Understanding the Sources of Online Travel Information

UNCG Author/Contributor (non-UNCG co-authors, if there are any, appear on document)
Benjamin Hickerson, Associate Professor (Creator)
The University of North Carolina at Greensboro (UNCG )
Web Site: http://library.uncg.edu/

Abstract: Given that online travel media enable multilateral communication patterns in destination marketing, this study investigates technical attributes presenting the number and type of source-related visual cues. From a technological perspective, the sources of online travel information can be conceptualized in terms of specialization, endorsement, and other users’ star rating to reflect technological functions and psychological effects. An experiment with a 2 (specialization: a generalist website vs. a specialist website) × 2 (endorsement: absence vs. presence) × 3 (star rating: low vs. medium vs. high) factorial between-subjects design was conducted to test the relationships between source-related visual cues, cue-induced perceptions, information credibility, and destination images. This study found that each source-related visual cue produced distinctive psychological effects on a tourist’s perceptions. Furthermore, these cue-induced perceptions were influential to tourists’ judgment of information credibility, which was positively related to destination images and behavioral intention.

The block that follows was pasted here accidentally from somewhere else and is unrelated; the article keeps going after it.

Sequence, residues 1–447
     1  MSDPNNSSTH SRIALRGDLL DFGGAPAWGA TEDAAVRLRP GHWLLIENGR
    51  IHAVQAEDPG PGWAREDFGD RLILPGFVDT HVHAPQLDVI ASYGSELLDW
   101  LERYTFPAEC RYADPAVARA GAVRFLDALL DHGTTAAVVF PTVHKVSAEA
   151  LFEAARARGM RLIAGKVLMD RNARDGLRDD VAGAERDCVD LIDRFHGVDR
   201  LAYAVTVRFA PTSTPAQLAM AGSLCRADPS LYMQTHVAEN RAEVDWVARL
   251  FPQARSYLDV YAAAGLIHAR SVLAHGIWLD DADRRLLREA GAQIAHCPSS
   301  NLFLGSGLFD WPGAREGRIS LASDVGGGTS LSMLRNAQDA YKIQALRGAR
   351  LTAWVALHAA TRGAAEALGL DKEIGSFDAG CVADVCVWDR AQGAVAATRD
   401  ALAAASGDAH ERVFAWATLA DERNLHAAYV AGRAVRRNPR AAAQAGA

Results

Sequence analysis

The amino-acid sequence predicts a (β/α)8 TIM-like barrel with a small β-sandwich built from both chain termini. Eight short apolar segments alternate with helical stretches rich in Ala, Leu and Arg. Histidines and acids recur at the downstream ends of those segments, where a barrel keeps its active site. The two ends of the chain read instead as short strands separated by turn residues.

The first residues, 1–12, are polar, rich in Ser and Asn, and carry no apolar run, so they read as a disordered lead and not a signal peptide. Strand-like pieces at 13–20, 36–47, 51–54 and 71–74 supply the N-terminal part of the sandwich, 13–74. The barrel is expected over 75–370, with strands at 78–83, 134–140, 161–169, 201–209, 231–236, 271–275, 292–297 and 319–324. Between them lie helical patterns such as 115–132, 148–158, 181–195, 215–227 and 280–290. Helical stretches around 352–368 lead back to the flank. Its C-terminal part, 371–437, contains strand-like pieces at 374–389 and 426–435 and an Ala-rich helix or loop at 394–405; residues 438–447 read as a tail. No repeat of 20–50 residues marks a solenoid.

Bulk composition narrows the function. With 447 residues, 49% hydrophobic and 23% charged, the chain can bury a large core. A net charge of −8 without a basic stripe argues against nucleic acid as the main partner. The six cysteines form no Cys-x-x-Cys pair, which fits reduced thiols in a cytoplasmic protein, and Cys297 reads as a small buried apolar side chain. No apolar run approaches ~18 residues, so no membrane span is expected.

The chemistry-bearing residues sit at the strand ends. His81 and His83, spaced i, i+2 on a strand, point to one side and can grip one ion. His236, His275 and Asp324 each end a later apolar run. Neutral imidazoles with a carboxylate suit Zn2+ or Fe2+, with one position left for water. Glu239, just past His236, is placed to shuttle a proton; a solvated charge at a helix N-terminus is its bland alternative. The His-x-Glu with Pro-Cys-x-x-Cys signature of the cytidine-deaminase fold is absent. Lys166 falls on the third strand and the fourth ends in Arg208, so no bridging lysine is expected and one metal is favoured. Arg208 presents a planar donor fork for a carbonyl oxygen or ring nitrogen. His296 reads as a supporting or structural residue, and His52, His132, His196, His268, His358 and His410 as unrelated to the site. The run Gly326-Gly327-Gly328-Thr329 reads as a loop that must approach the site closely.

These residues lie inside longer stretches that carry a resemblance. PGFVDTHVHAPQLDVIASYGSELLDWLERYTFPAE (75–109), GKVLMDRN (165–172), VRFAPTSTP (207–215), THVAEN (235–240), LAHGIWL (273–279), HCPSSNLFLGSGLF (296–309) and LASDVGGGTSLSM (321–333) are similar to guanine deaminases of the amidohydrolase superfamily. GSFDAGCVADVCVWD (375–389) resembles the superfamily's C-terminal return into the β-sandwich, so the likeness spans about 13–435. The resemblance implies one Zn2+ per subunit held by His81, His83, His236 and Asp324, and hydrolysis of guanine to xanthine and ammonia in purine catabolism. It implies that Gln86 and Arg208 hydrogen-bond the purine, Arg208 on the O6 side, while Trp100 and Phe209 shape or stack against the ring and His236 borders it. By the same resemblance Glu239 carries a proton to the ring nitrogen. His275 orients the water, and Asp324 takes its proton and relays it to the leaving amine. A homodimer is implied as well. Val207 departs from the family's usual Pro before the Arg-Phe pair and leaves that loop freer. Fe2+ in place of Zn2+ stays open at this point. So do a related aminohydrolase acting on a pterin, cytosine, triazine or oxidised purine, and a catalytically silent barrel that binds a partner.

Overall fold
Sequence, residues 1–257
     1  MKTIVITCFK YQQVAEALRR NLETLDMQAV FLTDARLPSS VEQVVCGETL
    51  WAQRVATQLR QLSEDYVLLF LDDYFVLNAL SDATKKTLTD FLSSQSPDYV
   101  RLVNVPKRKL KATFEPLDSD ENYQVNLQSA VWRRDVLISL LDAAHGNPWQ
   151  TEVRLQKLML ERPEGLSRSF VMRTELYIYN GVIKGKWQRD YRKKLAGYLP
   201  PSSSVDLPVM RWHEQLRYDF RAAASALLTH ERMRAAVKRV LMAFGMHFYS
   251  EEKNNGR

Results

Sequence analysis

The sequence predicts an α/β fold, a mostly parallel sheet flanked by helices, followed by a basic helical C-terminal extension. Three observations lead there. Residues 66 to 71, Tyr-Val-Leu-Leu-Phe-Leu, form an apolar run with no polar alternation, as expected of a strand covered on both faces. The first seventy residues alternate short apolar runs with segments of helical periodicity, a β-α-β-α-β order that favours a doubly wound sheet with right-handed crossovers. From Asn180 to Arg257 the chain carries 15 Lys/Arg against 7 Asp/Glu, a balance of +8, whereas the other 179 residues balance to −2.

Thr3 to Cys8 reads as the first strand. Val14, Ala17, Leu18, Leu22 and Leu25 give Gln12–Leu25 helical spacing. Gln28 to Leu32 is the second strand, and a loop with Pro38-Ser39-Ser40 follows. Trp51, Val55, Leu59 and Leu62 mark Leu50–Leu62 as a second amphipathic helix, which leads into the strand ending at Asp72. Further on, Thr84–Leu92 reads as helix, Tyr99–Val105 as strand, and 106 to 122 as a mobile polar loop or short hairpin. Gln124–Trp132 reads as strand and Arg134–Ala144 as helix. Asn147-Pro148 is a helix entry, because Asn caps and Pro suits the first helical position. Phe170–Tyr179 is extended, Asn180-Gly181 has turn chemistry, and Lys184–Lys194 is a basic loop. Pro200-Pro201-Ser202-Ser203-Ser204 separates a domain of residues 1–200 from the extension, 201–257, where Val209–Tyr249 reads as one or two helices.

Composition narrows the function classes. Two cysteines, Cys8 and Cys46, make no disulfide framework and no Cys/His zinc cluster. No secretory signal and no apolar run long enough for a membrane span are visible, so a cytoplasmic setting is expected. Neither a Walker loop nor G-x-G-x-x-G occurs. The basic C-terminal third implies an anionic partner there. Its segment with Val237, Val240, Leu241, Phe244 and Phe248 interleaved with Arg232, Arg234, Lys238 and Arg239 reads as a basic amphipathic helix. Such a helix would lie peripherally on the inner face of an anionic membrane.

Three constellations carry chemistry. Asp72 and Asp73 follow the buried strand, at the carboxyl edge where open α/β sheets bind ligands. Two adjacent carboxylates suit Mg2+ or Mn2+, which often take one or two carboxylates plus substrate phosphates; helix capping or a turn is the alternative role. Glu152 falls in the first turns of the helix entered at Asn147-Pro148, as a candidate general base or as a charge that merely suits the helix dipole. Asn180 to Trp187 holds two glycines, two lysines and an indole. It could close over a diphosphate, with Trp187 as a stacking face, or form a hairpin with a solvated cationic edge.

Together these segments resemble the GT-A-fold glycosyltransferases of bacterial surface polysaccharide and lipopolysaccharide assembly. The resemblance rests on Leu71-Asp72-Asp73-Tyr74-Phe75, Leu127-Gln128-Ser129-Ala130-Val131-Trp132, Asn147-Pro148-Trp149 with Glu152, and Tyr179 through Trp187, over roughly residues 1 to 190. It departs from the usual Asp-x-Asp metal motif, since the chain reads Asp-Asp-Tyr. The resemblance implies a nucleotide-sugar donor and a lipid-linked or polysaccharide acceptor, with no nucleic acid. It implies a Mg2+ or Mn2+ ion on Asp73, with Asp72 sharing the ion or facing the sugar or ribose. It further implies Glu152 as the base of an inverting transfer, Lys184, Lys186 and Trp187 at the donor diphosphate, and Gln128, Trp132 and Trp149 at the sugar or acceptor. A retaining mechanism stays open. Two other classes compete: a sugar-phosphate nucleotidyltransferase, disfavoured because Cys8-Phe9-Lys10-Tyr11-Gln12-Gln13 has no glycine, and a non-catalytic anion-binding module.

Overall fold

Additional Information

Journal of Travel Research, 57(1), 116-128
Language: English
Date: 2018
information source, media technology, credibility, destination image

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